“Bishops vs. everyone else” overshadows right-left Catholic split

The decades-long split between liberal and conservative Catholics may be giving way to a stronger division between Catholic laity and their bishops in the wake of reports that members of the hierarchy covered up for priests and fellow bishops engaging in sexual abuse, writes John Allen on the Catholic website Crux (September 30). He asks: “are we seeing a redefinition of the traditional left/right divides in the Church because the focus of popular complaint is no longer really teaching, one of the three traditional duties of a bishop, but rather governing?” He acknowledges that it is simplistic to suggest that left-right conflicts are dissipating; the election of Pope Francis has served to intensify controversy and polarization on questions of sexuality, marriage, capital punishment and Church teachings in general. It is also the case that conservatives and liberals tend to differ on how to approach matters of priestly sexual abuse, with the former arguing for a tougher line on homosexuality in the priesthood.

But Allen adds that there has been a shift in emphasis, as the “questions that matter today are why it should be exclusively up to a bishop where a priest serves, and whether he should remain in ministry; whether bishops can be truly trusted to exercise sound fiscal oversight; why bishops get to decide which church records are made public…; and, in general, whether the practice of styling bishops as the ultimate decision-makers has served the Church well.” Another reason for the fading of liberal and conservative divisions is that the abuse crisis has affected both camps; offenders have been found to be both staunch upholders of Catholic doctrine and those arguing for a more relaxed approach to Church teachings. Allen notes that this is bad news for the bishops, since with the left-right divisions on politics they could at least count on one side supporting them; today, with the shift to “bishops v. everybody else on governance, it’s hard to know who, exactly, their natural allies might be.” Even as bishops have increasingly delegated Church management to competent administrators, they see their right of governance “as a red-line issue, and they can be expected to defend it. As the saying goes, now they may just find out who their real friends are.”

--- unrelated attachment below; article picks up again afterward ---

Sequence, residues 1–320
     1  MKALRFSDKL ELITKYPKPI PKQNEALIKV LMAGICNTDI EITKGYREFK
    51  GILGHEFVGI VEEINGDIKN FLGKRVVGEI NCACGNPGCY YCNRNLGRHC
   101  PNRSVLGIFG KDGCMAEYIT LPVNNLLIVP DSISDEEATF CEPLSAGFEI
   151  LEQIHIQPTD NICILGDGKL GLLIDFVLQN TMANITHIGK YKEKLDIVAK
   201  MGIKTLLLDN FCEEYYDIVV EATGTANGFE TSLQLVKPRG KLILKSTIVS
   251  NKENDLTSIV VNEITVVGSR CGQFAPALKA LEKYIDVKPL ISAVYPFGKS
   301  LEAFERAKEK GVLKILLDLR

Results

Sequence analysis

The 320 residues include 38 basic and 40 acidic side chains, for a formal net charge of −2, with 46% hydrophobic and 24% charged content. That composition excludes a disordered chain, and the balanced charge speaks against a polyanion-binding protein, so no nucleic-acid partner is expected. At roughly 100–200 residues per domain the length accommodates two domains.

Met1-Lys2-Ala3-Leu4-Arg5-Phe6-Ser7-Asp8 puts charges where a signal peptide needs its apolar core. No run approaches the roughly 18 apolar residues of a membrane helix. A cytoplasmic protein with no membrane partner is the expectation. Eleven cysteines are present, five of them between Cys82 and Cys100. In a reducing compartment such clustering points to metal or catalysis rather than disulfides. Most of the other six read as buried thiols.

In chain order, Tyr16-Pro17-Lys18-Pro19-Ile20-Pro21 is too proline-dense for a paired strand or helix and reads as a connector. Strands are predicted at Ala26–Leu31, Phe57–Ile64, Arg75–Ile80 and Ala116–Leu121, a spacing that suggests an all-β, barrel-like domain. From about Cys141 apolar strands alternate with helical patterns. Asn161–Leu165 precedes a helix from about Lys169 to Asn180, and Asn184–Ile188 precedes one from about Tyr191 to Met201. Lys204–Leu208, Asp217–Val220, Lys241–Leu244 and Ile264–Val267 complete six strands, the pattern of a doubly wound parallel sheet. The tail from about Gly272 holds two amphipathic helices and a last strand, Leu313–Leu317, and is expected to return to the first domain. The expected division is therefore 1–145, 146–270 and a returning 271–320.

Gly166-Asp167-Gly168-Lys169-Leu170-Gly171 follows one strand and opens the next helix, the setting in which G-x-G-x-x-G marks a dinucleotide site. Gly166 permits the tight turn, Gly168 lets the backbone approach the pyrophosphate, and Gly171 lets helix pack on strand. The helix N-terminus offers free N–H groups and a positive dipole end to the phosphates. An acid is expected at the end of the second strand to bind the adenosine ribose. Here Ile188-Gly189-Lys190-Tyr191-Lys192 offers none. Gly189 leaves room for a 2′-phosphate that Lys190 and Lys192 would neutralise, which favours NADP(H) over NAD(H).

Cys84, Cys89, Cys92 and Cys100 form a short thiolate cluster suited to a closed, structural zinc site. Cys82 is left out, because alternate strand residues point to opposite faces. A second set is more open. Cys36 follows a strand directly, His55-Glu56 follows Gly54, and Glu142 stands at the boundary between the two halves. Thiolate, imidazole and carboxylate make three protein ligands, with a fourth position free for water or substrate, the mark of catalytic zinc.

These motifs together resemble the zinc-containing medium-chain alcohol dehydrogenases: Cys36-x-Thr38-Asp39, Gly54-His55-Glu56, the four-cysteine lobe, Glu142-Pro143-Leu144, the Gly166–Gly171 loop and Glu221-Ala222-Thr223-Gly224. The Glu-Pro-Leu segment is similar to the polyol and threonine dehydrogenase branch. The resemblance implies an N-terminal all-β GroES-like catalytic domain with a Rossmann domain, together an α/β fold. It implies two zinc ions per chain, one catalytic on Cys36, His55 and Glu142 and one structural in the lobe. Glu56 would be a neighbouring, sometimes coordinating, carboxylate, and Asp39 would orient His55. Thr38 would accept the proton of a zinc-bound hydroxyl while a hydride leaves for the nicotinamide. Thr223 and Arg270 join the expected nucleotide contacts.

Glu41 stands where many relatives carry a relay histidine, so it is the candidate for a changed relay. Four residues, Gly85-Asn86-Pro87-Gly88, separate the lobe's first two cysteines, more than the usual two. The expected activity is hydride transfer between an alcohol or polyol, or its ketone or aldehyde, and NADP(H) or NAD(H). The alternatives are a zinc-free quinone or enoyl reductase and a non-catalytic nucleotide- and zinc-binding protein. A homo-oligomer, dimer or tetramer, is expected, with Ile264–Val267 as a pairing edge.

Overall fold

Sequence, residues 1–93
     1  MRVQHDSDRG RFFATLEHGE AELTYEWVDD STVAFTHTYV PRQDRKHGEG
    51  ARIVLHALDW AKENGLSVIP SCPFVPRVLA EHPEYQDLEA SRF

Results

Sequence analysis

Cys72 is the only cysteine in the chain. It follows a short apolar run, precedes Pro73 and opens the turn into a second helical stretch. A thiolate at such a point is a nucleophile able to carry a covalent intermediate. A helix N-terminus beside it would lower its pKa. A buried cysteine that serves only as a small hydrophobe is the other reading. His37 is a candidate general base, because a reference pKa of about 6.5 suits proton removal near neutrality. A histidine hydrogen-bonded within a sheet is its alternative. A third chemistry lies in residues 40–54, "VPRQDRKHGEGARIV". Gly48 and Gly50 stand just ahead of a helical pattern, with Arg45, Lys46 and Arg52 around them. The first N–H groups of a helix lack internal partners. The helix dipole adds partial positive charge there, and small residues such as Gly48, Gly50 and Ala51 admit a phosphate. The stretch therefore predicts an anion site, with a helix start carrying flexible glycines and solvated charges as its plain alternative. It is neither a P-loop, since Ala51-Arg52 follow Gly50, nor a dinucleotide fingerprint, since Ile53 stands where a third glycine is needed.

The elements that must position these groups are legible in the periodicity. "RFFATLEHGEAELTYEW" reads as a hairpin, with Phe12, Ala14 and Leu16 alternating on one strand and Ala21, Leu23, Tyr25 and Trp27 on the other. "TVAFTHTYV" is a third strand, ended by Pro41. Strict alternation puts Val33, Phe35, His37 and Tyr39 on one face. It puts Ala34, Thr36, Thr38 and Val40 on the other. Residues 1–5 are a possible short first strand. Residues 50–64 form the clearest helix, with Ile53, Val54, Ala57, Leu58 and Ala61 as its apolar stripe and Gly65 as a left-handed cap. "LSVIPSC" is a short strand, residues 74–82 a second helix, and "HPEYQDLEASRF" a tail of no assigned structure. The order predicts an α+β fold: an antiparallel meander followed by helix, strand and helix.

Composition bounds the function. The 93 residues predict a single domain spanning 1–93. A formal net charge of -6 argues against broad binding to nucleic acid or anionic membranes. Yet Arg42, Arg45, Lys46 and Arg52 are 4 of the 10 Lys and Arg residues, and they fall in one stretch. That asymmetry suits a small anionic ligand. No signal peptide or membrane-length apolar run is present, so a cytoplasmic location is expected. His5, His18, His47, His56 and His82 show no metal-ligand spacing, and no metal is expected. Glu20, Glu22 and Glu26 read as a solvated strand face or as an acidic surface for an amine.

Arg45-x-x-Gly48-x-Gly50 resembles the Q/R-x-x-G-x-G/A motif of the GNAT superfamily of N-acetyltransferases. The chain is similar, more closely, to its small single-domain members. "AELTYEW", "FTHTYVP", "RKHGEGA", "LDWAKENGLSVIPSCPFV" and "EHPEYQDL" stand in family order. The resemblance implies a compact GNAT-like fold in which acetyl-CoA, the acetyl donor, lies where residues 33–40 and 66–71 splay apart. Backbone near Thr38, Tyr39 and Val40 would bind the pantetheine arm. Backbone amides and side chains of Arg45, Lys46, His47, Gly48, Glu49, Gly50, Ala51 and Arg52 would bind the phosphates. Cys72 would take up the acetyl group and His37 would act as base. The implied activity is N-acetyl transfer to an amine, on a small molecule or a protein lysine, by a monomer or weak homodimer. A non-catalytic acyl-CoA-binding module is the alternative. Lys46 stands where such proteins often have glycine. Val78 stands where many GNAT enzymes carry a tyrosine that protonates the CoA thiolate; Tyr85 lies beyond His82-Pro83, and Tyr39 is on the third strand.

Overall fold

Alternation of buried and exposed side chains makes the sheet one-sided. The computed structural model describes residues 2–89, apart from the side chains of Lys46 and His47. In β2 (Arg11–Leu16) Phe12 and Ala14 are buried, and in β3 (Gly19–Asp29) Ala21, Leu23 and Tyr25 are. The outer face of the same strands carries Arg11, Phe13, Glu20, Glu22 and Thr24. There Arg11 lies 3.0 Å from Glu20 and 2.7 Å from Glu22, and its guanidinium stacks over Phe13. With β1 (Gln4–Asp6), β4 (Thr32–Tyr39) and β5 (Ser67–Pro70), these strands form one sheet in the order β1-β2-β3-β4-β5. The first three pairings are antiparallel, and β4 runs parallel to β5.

(Crux, https://cruxnow.com)